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X-ray spectra

Using X-ray diffraction the spectrum produced by an X-ray tube can be investigated. Such a spectrum is shown in the diagram, in which the two curves represent two different accelerating voltages.

The X-ray spectrum can be considered in two parts:
(a) a continuous background, and (b) a series of sharp peaks.

The background is due to radiation emitted as the electrons are slowed down by electromagnetic attraction of the nuclei of the material. The minimum wavelength and therefore the maximum energy and frequency of an X-ray in this spectrum is produced when an electron is stopped by just one nucleus. The rest of the curve is produced by electrons losing only part of their energy during collisions with many nuclei. The minimum wavelength λm is given by the equation:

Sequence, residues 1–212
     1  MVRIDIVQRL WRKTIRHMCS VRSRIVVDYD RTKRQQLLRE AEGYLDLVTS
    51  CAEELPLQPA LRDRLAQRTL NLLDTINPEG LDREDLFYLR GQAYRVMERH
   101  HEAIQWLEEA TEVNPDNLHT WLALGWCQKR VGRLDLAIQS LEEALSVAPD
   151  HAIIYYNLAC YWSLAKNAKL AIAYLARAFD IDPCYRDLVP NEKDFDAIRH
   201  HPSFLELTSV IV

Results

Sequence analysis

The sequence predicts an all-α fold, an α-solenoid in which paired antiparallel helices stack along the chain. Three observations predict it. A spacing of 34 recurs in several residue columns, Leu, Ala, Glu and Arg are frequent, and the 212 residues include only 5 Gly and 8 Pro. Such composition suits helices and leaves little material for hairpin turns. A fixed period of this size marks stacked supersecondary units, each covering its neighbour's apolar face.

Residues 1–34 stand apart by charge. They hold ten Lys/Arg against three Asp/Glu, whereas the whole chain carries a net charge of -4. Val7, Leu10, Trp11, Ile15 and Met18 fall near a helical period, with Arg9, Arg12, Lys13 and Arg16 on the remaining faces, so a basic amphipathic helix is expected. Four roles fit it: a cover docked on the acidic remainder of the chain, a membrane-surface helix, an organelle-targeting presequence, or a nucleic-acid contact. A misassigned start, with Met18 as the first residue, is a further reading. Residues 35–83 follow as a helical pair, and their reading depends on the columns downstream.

Minimum X ray wavelength (λm) = hc/eV

where V is the accelerating voltage and c the velocity of light: the smaller the value of V, the greater the minimum wavelength will be and the smaller the maximum frequency.

The peaks on the spectrum are characteristic of the particular target material. Electrons from the inner shells are removed completely by the bombarding electrons. An electron from an outer energy level falls back to fill the vacancy emitting a photon of a definite wavelength, thus giving a sharp peak on the spectrum.


© Keith Gibbs 2020